My review of BiS’s Disbanding Live
BiS’s disbanding live was held on 8 July 2014 in Yokohama Arena. Notwithstanding the official information until even a week before the live that there had still been 10000 tickets unsold, according to my own observation 80% of the more-than-10000 seats in the venue were filled. In other words, by a conservative estimation there were at least 8000 attendees, which is quite a successful mobilization of fans (to an extent that includes even a Hongkonger like me).
I arrived Tokyo on 7 July, one day before the disbanding live, as well as the second day of BiS’s photo exhibition with the theme of “before-death funeral” held in Shibuya. I visited the photo exhibition partly to get myself ready for the live on the next day. In addition to a tiny mourning hall with BiS members’ photos (which replicates the setting of a traditional Japanese funeral), the exhibition also has six sex dolls, each with a member’s face, something we can also find from the cover of the Best Album Uryaoi. Such masochistic portrayals of death and sexual objectification are the BiS style which I always find appealing. The idea of “before-death funeral” had also been adopted in the venue of the disbanding live, where another mourning counter was set up for fans to express their “condolences”; multiple white lanterns and funeral wreaths could be found. Needless to say, such an interesting setup has attracted a lot of photo-taking.
Audiences were allowed entrance after 3:30pm, though the live would not have started until 5:30pm (and it turned out starting at 6pm). During that gap period Mitsuya (蜜矢), a new 22-year-old male singer sharing the same manager with BiS, gave his performance on the stage (this is not a bad opportunity to promote himself anyway). More interestingly, a special entrance had been made for those who held a low-price 2000JPY ticket. Fans had always been discouraged from buying this type of ticket; that special entrance also deliberately made the holders of low-price tickets feel neglected – the staff who received them looked like some impolite underworld guys and the passage towards the auditorium was placed with banana skins. These low-price ticket holders were again ridiculed by the host during the opening of the live. This kind of behavioural joke might have brought to the audiences another unforgettable moment of the evening. As a holder of a normal ticket (costing 6000JPY), I receive neither such “bad” treatments for low-price ticket holders, nor the privileges, given only to those who had bought a premium ticket, to behave as panic as BiS’s Researchers (i.e. loyal fans) in ordinary BiS’s lives. What was celebrating enough is that my seat was at least not among the farthest from the stage.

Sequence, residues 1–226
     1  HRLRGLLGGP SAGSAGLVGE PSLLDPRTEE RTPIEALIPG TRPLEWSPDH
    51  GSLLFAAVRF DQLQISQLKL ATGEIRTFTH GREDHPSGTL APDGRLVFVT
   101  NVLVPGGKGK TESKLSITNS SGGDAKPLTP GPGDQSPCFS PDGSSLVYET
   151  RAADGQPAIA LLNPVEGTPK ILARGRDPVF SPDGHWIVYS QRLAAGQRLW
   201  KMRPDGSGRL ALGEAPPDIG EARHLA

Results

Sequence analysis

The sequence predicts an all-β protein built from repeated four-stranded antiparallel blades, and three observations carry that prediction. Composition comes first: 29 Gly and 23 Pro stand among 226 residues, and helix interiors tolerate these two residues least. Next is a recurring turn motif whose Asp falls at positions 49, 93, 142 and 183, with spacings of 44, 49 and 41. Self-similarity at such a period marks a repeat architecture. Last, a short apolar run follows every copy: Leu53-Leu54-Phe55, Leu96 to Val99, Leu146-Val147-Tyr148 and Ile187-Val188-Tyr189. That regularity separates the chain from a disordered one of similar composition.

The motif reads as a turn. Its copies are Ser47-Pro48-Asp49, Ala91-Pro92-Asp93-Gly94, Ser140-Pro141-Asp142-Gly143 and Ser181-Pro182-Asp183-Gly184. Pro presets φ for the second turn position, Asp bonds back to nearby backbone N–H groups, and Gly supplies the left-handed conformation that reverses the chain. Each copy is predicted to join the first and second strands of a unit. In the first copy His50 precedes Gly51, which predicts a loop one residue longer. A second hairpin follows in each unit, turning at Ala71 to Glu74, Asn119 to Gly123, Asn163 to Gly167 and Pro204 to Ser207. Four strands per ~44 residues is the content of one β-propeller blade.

I was also glad that my seat was at the front side of the stage, though it was not quite possible to see BiS members’ face during their performance. Instead, I could see clearly how the crowd of the audiences surrounded the stage, which was especially epic when the live began with the nerve mass dance led by BiS and its three former members (Michibayashi Rio, who resigned in order to find a job and has become an office lady, even wore a formal suit to show her present status). This crowd mass dance alone made the live a worth-watching one, but this was only the beginning. After the first song BiS’s manager and sound producer came onto the stage and led the audiences to sing We Will Rock You together, celebrating the success of BiS in attracting the large amount of disbanding live attendees, perhaps also gaining time for the members to have further preparation. When the six members returned, it was an almost non-stop singing throughout the night, without any self-introduction and conversation with fans (which always occurred in ordinary lives), and only one three-minute break among the three hours of singing, from new songs to old songs. These hours were simply awesome, especially when it came to the second last song Reribi (レリビ), during which many of us ran and jumped around, followed then by the final song nerve (again), bring the live to the end with another stadium-wide mass dance.